Tag Archives: consistency

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Customer service reputation appreciative strategies

How to Improve Your Customer Service Reputation

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Your reputation precedes you. At least that is what we’ve heard. What is your customer service reputation? Do you know, and if so, how would you improve it?

Reputation may come in many forms. Some quickly draw thoughts of the negative, bad, or vulgar. Reputation can of course be something great.

Knowing Your Reputation

There are many ways to learn more about your customer service reputation. You might compare and contrast with the competition, launch a survey, or when you’re really doing the right kind of work you may consider just asking.

Reputation is much like trust, it takes a while to build it and it can be tarnished in an instant. Reputation in customer service circles may also be directly connected to loyalty. If your business builds true relationships, that is part of your reputation. No relationship, no loyalty.

The reputation of your business is delivered by anyone (and everyone) who interacts with a customer, internal and external. Every touch point (or a lack of) will condition your reputation. It is what people expect you to do now, and a brand promise on what you’ll do next.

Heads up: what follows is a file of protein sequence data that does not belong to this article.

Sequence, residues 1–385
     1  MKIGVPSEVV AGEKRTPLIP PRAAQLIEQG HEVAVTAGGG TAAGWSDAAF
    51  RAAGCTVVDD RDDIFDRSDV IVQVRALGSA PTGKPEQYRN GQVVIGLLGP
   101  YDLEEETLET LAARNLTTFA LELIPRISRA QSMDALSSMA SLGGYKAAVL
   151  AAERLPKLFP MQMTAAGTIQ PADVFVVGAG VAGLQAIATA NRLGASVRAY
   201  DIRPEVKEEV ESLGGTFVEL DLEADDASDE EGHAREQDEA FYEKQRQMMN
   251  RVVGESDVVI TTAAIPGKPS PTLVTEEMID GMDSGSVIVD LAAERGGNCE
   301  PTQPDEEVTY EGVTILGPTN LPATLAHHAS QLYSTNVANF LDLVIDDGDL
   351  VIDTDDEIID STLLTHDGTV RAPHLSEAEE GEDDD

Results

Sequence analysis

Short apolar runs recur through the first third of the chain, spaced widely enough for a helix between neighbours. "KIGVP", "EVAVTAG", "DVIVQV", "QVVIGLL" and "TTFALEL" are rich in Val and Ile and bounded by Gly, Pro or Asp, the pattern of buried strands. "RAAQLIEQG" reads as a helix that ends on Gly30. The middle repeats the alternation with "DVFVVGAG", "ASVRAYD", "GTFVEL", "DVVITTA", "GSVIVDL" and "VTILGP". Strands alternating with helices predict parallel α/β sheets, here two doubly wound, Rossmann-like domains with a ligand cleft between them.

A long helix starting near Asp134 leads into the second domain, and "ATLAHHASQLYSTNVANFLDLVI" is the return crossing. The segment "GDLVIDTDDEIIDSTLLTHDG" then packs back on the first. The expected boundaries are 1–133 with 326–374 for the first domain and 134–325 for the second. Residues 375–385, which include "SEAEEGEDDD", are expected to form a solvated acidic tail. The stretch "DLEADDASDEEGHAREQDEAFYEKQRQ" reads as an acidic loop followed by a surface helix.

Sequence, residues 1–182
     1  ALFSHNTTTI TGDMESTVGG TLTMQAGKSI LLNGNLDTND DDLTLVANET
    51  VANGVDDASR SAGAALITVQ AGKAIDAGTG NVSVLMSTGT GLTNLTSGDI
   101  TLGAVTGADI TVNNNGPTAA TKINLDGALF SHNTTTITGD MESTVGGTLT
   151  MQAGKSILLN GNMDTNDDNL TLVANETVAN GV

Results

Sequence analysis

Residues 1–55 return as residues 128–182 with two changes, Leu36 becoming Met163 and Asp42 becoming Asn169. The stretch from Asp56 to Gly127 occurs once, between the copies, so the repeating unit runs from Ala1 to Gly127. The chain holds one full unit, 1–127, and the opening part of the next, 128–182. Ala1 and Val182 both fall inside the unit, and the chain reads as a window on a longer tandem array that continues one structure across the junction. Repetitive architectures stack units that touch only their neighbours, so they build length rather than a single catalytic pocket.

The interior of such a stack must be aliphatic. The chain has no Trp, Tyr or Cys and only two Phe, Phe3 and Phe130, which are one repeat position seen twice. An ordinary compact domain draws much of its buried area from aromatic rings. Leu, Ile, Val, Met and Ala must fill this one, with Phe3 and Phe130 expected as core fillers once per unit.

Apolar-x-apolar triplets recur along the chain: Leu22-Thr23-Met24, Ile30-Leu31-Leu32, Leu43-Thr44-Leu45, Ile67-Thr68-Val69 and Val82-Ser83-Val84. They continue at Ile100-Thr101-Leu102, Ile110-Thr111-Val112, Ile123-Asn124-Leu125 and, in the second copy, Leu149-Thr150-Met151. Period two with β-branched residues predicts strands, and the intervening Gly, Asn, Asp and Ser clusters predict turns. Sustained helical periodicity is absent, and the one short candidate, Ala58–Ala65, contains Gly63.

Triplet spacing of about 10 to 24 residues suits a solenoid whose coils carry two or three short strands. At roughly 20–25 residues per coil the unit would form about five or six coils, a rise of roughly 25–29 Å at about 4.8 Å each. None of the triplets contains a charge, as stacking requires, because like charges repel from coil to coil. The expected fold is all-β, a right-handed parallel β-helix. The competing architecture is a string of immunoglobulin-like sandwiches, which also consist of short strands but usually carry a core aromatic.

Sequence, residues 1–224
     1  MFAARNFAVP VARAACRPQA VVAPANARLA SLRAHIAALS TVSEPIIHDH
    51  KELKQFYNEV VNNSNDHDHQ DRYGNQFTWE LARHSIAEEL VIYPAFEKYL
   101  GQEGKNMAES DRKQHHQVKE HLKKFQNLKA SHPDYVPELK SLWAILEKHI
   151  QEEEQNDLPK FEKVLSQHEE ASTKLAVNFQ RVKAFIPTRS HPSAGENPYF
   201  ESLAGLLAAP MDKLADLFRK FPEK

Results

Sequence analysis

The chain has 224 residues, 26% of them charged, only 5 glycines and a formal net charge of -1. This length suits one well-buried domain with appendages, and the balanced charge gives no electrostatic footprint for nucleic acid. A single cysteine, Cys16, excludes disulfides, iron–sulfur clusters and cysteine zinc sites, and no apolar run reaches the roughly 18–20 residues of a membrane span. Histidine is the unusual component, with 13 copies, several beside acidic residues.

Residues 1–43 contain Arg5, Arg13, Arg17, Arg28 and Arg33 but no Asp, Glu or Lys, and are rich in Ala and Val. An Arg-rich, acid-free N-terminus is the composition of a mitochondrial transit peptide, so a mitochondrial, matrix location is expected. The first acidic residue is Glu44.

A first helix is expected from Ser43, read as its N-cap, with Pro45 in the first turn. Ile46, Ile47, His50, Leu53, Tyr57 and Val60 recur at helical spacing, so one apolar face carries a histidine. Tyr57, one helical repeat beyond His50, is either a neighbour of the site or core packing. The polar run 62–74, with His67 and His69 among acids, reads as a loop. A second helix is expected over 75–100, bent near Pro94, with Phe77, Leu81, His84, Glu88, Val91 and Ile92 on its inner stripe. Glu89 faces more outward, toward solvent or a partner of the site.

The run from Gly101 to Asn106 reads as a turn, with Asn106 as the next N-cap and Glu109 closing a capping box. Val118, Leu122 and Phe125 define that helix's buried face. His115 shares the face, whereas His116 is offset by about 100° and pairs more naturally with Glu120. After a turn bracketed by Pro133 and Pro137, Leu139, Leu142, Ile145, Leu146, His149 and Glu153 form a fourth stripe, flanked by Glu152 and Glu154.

Your reputation is truth in the quality of workmanship, integrity, and ethics. It is what you deliver even when the going gets tough, and when no one else is looking. Like trust, and even respect, the deepest form of it is earned, not given.

Customer Service Reputation

Here are three considerations for improving and building a solid customer service reputation:

  • Think give. This doesn’t always have to be costly or require materials. When you give and give and give until you think you can’t give anymore, give something extra. In (all, but especially in business) relationships, often this is not material things, but expressions and gestures. Material niceties are great too.
  • Action guidelines. Any person, place, or thing that touches the customer is of course a touch point. Businesses sometimes take for granted the actions or behaviors involved with every touch point. Have guidelines that every employee knows, understands, and performs accordingly. A communication guideline is always a good place to start.
  • Longevity. Doing something great once is a good idea. Doing something great again and again across time is what will earn your reputation. Consistency is a factor for trust. It will also be a factor for your reputation. Remember it is built over time and can be lost in an instant.

Many people set out in their careers to earn a living. A business should be focused on earning their reputation.

World of mouth can be your best friend. It can also be your worst nightmare.

Make [earn] a lot of friends.

– DEG

Dennis E. Gilbert is a business consultant, speaker (CSPTM), and corporate trainer that specializes in helping businesses and individuals accelerate their leadership, their team, and their success. He is a five-time author and some of his work includes, #CustServ The Customer Service Culture, and Forgotten Respect, Navigating A Multigenerational Workforce. Reach him through his website at Dennis-Gilbert.com or by calling +1 646.546.5553.